Negotiations on Kyoto Protocol and Long-term Cooperative Action conclude
As climate talks at Bonn near conclusion, participating countries finally came to an agreement and adopted the agenda of the Durban Platform. Consensus on the agenda had seemed almost elusive over the course of the past two weeks of negotiations.
Bonn saw parties from 195 countries negotiating the most appropriate and politically feasible means to address climate change under three different tracks simultaneously—Kyoto Protocol (KP), Long-term Cooperative Action (LCA) and the Durban Platform for Enhanced Action (ADP). The last one is based on the text adopted at the Durban Conference of Parties (CoP) last year; the Durban Platform binds all parties for the first time to climate targets. The other two are existing arrangements under the Kyoto Protocol and Bali Action Plan that differentiate between responsibilities of developed and developing countries based on their historical greenhouse gas emissions.
Parties had found it particularly challenging to agree to an agenda or a work plan on what should be discussed under the Durban Platform (see 'Durban action plan gets stalled') because of low level of trust between parties which were split over whether the agenda was just a “procedural issue” or a matter of substance and scope.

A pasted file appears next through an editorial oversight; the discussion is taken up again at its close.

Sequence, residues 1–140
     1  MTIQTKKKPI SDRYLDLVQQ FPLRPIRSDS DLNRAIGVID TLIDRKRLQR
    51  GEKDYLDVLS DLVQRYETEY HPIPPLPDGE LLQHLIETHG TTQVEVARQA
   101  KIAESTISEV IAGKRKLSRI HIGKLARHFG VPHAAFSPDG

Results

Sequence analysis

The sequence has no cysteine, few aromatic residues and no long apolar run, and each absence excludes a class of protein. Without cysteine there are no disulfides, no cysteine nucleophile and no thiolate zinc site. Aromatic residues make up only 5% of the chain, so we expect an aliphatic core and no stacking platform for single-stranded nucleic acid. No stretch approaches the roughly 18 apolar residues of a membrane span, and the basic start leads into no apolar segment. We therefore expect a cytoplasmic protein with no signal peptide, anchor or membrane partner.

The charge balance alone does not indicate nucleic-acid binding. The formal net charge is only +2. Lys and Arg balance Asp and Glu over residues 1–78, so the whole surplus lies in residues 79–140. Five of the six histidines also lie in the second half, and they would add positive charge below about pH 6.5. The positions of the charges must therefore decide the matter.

With just a day left to go, parties had been invited to yet another open-ended informal consultation open to any party that chooses to attend. Lack of consensus at these meetings had led to the cancellation of two plenary sessions, but eventually, agreement on some issues on the agenda had been reached, increasing hopes that it could finally be adopted. According to an Earth Negotiations Bulletin update, “After 9 pm, a group of relieved delegates emerged and reported that agreement on the ADP agenda had been reached.” (The Earth Negotiations Bulletin has been covering multilateral negotiations on environment and development for the past 12 years).
Meanwhile, the other two tracks—the LCA and KP—were adjourned a day ago. These discussions moved forward on some issues, but will nevertheless carry forward a “large amount of work.”